Three numbers tell the tale of the state of Philadelphia 2010 - one promising, one troubling, and one confusing.
Promising is the total number of serious crimes in the city, down 10 percent from last year. In 2009, Philadelphia had fewer major crimes than at any time in the last 31 years and the fewest violent crimes in 20 years.
Troubling is the number of jobs, an average of 651,000 within the city limits last year, the lowest in Philadelphia's modern history. The city held its own during the early stages of the recession. But it shed 1.7 percent of its jobs in 2009, while the region as a whole lost 3.4 percent.
And simply confusing are the latest population estimates from the U.S. Census Bureau. After years of reporting that Philadelphia was gradually and persistently losing residents, the bureau recently determined that the city has been growing for much of the last decade.
The overall statistical portrait of Philadelphia 2010 is not as grim as one might expect for a place that has endured one city budget crisis after another and is still trying to escape the "tyrannical hold" of the recession, to use the words of Mayor Nutter.
There is, to be sure, plenty of disturbing data to be found in Pew's latest analysis, an update of the comprehensive statistical look at the city's condition that our Philadelphia Research Initiative published a year ago.
Now as then, the city suffers from a poverty rate (24.3 percent) that is among the highest in the nation, an educational attainment level (only 21 percent of adults with college degrees) that is well below the national average, and a combined state and local tax burden that is one of the highest of any major city. All are drags on Philadelphia's prospects.
It is the jobs number that most concerns local officials these days. For residents, it may not matter whether jobs are in the city or the suburbs, only that they are available somewhere in the region. But City Hall needs the taxes that city-based jobs generate to fund government services.
The jobs shortage is real and painful, as documented by the results of a poll done in January for the Philadelphia Research Initiative. In that survey, 21 percent of adult Philadelphians described themselves as unemployed and looking for work. Forty-nine percent said they or a member of their household had fit that description at some point during the previous 12 months.
Looking at the local employment numbers over the last decade, two trends stand out. One is the gradual erosion in the total inventory of jobs, including the near-disappearance of manufacturing, once the guts of the city's economy. The other is the continuing expansion of one sector, education and health services, which now accounts for 32 percent of all city jobs. More than ever, it is the economic bulwark of the city and the region.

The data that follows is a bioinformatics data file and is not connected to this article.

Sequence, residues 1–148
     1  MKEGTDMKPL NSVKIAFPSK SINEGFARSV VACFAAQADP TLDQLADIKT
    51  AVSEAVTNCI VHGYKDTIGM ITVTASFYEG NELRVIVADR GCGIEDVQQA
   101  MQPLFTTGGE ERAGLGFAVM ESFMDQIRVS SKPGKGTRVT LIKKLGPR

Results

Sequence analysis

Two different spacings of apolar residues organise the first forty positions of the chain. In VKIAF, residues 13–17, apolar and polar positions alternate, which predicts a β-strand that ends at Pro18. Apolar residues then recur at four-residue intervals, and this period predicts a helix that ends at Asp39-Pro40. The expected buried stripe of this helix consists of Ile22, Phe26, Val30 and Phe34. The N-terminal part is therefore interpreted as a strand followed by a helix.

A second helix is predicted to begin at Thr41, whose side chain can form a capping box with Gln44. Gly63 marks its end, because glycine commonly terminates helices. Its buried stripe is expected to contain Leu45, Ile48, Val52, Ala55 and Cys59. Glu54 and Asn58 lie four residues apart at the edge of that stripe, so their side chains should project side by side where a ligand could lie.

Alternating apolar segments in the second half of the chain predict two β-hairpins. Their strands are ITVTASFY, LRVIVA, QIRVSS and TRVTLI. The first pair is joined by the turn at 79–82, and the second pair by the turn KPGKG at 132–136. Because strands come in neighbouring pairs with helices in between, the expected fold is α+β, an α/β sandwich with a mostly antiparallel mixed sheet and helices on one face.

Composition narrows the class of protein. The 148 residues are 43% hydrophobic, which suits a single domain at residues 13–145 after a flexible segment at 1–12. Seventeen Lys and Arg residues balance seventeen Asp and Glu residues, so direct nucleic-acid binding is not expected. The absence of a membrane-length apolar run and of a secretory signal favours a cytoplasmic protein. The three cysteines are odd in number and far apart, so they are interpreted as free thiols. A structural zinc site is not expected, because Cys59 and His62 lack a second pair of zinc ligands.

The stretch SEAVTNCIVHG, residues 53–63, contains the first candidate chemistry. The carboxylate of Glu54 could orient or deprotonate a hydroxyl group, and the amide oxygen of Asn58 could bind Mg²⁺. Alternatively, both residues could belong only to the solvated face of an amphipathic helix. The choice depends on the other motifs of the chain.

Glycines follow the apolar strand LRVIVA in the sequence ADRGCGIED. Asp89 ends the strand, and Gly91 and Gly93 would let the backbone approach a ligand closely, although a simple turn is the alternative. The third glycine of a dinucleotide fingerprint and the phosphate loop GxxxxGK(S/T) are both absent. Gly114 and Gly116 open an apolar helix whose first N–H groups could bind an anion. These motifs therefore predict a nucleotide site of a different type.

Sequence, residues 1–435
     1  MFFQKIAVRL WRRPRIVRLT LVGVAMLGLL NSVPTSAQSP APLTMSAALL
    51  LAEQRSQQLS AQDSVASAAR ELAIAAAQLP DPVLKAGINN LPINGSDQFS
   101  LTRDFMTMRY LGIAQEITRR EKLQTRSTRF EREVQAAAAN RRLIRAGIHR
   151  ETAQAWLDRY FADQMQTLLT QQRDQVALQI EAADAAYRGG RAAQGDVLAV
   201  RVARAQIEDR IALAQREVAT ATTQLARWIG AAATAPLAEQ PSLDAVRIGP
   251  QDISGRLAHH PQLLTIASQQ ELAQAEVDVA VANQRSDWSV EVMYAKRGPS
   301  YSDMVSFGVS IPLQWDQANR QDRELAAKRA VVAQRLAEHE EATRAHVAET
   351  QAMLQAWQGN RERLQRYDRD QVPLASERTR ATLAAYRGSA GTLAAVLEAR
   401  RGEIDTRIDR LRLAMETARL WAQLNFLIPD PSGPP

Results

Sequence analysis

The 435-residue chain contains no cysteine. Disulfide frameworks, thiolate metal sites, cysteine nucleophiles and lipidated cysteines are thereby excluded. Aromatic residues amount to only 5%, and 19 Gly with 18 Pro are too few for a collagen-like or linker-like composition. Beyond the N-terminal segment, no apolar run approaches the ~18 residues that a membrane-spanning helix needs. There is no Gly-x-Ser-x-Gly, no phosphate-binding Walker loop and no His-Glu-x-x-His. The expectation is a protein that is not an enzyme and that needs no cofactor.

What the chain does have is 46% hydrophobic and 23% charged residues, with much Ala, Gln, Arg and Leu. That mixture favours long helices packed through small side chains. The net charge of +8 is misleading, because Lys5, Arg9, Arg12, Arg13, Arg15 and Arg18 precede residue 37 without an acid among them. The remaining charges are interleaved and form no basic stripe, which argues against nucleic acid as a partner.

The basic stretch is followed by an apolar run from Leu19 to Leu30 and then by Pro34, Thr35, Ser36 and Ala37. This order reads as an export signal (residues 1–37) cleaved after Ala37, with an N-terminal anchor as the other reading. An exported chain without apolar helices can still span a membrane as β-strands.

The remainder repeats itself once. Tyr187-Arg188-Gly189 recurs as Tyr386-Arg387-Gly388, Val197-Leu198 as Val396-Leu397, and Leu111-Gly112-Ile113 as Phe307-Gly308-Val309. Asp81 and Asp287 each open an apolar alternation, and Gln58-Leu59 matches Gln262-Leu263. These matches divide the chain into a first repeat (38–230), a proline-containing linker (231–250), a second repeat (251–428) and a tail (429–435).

Thanks in part to the strength of "eds and meds," the Philadelphia region's economic performance during the recession has been no worse than average compared with the other top 100 metropolitan areas, according to the Brookings Institution's Metropolitan Policy Program.
The news on the crime front is promising no matter how one looks at the data. The incidence of major crimes has dropped to levels long unseen in Philadelphia, 73,581 of them in 2009 compared with 98,015 in 2000. Down, too, is the level of residents' worry about crime, although it remains by far their top concern about the city. Poll results showed a 10-percentage-point drop since last year in the number of Philadelphians citing crime as one of the things they like least about living in the city.
Numbers from other categories provide reasons for cheer. In the Philadelphia public schools, standardized test scores continue their decadelong rise, although only about half of the students tested get advanced or proficient scores in reading and math. Fire deaths last year were the lowest ever recorded. Housing prices have stabilized in many neighborhoods, rising about 4 percent citywide last year, according to local real estate economist Kevin Gillen.
In the face of all of these developments, positive and negative, the mood of residents seems determinedly upbeat.
Philadelphians have come through their recent travails in a remarkably positive frame of mind; our polling found that they believe the city remains headed in the right direction and have noticed no significant deterioration in city services. By a ratio of more than 3-1, residents expect the city to be a better place five years from now than it is today.
Then, there is the perplexing matter of the city's population. In response to an appeal from the Nutter administration, the Census Bureau recently raised its estimate of Philadelphia's population for 2008 and then placed the 2009 number even higher at 1,547,297. This compares to an estimate of 1,449,634 for 2007 and a count of 1,517,550 in 2000.
Should a similar population number emerge from the more authoritative, decennial census this spring, Philadelphia officially will have ended six decades of near-constant population shrinkage. This would, at the very least, be a boon to the civic image and psyche, an indication that the city can aspire to more in its future than years of graceful decline.
This op-ed was published by the Philadelphia Inquirer.